See the full copy of the final report (available for download from the URL given below) for more information.
Also included in the download file, are five Excel spreadsheets. The spreadsheets contain the data collected from the transects, quadrats, etc (see the final report for more information). Where possible the spreadsheets have been converted to csv files.
The fields in this dataset are:
Start Date: 2003-09-30Stop Date: 2005-03-31
BIOLOGICAL CLASSIFICATION > ANIMALS/INVERTEBRATES
BIOLOGICAL CLASSIFICATION > ANIMALS/INVERTEBRATES > SPONGES
BIOLOGICAL CLASSIFICATION > PLANTS > MICROALGAE
BIOLOGICAL CLASSIFICATION > PLANTS > MACROALGAE (SEAWEEDS)
BIOSPHERE > AQUATIC ECOSYSTEMS > PLANKTON > ZOOPLANKTON
BIOSPHERE > AQUATIC ECOSYSTEMS > PLANKTON > PHYTOPLANKTON
BIOSPHERE > AQUATIC ECOSYSTEMS > PLANKTON
BIOSPHERE > AQUATIC ECOSYSTEMS > BENTHIC HABITAT
BIOSPHERE > ECOLOGICAL DYNAMICS > SPECIES/POPULATION INTERACTIONS > SPECIES PREDATION
BIOSPHERE > ECOLOGICAL DYNAMICS > SPECIES/POPULATION INTERACTIONS > GRAZING DYNAMICS/PLANT HERBIVORY
Quality Values provided in temporal and spatial coverage are approximate only.
This record has been updated by staff at the Australian Antarctic Data Centre (rather than the listed investigator), and therefore it's accuracy and quality cannot be guaranteed.
See the final report at the URL below for full and accurate information.
Access Constraints These data and a copy of the final report are available for download from the URL given below.
Use Constraints This data set conforms to the PICCCBY Attribution License
Please follow instructions listed in the citation reference provided at the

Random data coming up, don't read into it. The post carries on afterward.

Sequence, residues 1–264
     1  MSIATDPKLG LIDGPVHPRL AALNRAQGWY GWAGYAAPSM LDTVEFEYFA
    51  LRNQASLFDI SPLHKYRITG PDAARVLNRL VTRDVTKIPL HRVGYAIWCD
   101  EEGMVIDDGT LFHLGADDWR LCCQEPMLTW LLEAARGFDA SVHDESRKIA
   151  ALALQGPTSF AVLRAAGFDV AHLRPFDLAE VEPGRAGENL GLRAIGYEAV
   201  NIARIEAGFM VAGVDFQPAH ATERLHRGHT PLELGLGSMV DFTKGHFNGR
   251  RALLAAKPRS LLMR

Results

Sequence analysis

URL below when using these data.
Data Set Progress
Distribution Media: HTTP
Distribution Size: 24 kb
Distribution Format: word, csv, excel
Role: TECHNICAL CONTACT
Role: DIF AUTHOR
Phone: +61 2 9351 2440
Fax: +61 2 9351 2558
Email: apile at bio.usyd.edu.au
School Of Biological Sciences University of Sydney RM 202A HAYDON-LAURENCE BLDG A08
Province or State: New South Wales
Postal Code: 2006
Irving, A. D., S. D. Connell, E. L. Johnston, A. J. Pile, B. M. Gillanders. (2005), The response of encrusting coralline algae to canopy loss: an independent test of predictions on an Antarctic coast., Marine Biology, 144, 361-368
Pile, AJ, EL Johnston, SD Connell and BM Gillanders. (December 2005), Benthic-pelagic coupling of the microbial food web by Antarctic sponges, Targeted for Marine Ecology Progress Series
Johnston EL, SD Connell, AD Irving, AJ Pile and BM Gillanders (December 2005), Characterising shallow rocky-reef assemblages from the Windmill Islands coast, East Antarctica, Targeted for Polar Biology
Connell, SD, EL Johnston, AD Irving, TE Wernberg, BM Gillanders, BD Russell, AJ Pile (May 2006), How do the understorey assemblages at the Windmill Islands of Antarctica compare to those in Australia?, Targeted for Polar Biology
Extended Metadata Properties
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Creation and Review Dates
DIF Creation Date: 2003-05-26
Last DIF Revision Date: 2014-08-29